develop the networks, clusters and ecosystems to
bridge the boundary.
Adding powerful tools developed by Fraunhofer IAO to a collaboration
platform can speed the development of technology and innovation.
The Purdue-Fraunhofer IAO team continues to pilot these tools and
frameworks in New Jersey with the New Jersey Innovation Institute.
Technology in search
of a market !t
Markets in search
of technology solutions
and Innovation Management
Smart Data Tools on the Platform
collaborate with technology
developers on the Platform
on the Platform
CaseStudies This approach to developing strategies of networks,
clusters and ecosystems developed over 25 years. The
initial application took place in Oklahoma City beginning in
1993. The work now continues through the Purdue Agile
We can provide background information on the following regions where these
approaches have been applied:
• Oklahoma City
• Milwaukee (The Water Council)
• Rockford, IL (Rockford Area Aerospace Network)
• Flint, MI (neighborhood regeneration)
• North Central Indiana (workforce development innovation)
• North Alabama (regional innovation)
• North Carolina (manufacturing cluster)
• Space Coast, FL (clean energy cluster)
• Sunshine Coast, Queensland (regional strategy)
• Charleston, SC (Charleston Digital Corridor)
• Bozeman, MT (manufacturing cluster)
• Newark, NJ (defense suppliers)
• Cape May, NJ (UAV cluster)
• Shreveport, LA (neighborhood regeneration)
• Granite City, IL (City regeneration)
Strategic Doing is an open source discipline
that is taught through an affiliated network
of colleges and universities.The core
intellectual property of Strategic Doing,
developed by Ed Morrison, is held by a
nonprofit organization, the Strategic Doing
Purdue University, through its engagement
mission, has generously supported the
development of Strategic Doing since 2005.
Each year, the University Economic Development
Association conducts a peer-reviewed awards program to
recognize leading edge university initiatives in building
UEDA has recognized the work of several universities using Strategic Doing.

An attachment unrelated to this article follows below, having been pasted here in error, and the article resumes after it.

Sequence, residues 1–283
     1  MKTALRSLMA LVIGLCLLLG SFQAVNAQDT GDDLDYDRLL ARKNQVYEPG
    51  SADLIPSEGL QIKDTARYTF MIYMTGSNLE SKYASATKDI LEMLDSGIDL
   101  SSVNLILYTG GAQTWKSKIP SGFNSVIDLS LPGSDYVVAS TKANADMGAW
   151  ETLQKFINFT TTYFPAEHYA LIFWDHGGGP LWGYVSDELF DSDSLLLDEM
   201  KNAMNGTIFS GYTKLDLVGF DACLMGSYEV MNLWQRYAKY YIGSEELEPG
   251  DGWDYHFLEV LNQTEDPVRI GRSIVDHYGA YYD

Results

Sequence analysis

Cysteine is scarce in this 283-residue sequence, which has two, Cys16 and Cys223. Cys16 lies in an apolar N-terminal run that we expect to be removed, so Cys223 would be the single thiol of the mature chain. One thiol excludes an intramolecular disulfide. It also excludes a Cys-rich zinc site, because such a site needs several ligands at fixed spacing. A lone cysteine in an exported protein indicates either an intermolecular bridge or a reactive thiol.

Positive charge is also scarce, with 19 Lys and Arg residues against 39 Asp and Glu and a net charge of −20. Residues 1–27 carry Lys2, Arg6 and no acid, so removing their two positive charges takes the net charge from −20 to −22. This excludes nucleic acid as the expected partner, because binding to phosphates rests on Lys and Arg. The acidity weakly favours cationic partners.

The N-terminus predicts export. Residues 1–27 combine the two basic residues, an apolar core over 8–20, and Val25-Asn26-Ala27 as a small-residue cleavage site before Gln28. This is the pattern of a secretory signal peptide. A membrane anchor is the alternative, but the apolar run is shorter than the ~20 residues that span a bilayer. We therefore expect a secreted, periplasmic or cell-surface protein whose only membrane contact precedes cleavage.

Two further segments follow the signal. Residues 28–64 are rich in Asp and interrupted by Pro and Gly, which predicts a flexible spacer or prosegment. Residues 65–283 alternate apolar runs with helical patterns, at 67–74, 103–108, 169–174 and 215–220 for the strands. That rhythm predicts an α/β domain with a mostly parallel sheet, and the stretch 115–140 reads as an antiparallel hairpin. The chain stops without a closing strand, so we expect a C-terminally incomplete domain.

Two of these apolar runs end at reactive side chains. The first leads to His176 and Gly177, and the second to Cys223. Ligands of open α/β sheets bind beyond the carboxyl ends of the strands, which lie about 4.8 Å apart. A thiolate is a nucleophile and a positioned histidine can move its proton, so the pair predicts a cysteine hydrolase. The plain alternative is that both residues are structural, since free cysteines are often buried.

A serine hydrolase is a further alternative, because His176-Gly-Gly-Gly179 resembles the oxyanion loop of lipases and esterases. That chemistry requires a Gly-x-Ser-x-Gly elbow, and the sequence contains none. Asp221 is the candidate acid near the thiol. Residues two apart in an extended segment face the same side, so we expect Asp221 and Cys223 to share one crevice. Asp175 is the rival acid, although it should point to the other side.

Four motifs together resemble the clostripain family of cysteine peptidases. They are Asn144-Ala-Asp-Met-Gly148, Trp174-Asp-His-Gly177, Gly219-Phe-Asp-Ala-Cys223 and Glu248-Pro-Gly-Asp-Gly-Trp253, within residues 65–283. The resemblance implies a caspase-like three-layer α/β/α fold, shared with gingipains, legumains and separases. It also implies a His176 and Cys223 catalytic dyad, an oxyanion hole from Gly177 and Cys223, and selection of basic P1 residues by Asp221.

• University of North Alabama (http://www.shoalsshift.com/)
• University of Northern Illinois (NIU Engineering@RVC)
• Lehigh University (Kern Entrepreneurial Engineering Network)
• New Jersey Institute of Technology (New Jersey Innovation Institute
• Selkirk College (Regional Workforce Development in Rural British
• Purdue University (Pathways to Innovation)
You can learn more about the UEDA Awards of Excellence program here.
Can fifty universities form teams and begin transforming
their undergraduate engineering curriculum? That was the
challenge that the Lab took on with the Pathways to
Innovation project, an NSF funded initiative, led by
Over a period of three years, 50 university teams launched over 500
collaborations to integrate innovation and entrepreneurship training into their
undergraduate engineering programs.
Background on the Pathways to Innovation initiative are available here.
Testimonials In today's collaborative management culture Strategic Doing offers a tool that
allows team members to advance ideas to implementation quickly
Director, Strategic Initiatives
University of North Alabama
Strategic Doing allows a business to quickly identify an interested ecosystem
of local businesses to solve a defined customer problem.
Former Combat Systems Architect
I’ve worked with large companies trying to do open innovation, but the
Strategic Doing process is unique. This is the most clear and concise open
innovation process I’ve seen.
Chief Operating Officer
The best methodology I have seen in 20 years.
Paul Collits, PhD
Australia New Zealand
Regional Science Association
Testimonials Strategic Doing gives us the power to change our lives, our neighborhoods and
Center for Community and Economic Development
Michigan State University
The Strategic Doing (SD) approach might be one of the most effective ways of
implementing change on campus.
Ilya V. Avdeev, Ph.D.
University of Wisconsin-Milwaukee
Strategic Doing’s core principle of linking and leveraging assets for greater
impact is at the heart o f the success of the Rockford Area Aerospace Network.
Strategic Doing has helped regional leaders understand that they need only to
look to one another for solutions.
Associate Vice President for Engagement
and Innovation Partnerships
Northern Illinois University
The reality of our innovation-driven world is that companies need to collaborate
to compete. This as not a natural orientation for Lockheed or the companies in
the NJ defense supply chain. Strategic Doing gave us a roadmap - a set of
protocols to start forming the behaviors companies need to compete in the 21st
Michael van Ter Sluis
Executive Director, Innovation Services
New Jersey Innovation Institute
References Collits, P., & Rowe, J. E. (2015). Re-imagining the region. Local Economy,
Duval-Couetil, N., & Hutcheson, S. (2015). Nurturing an entrepreneurial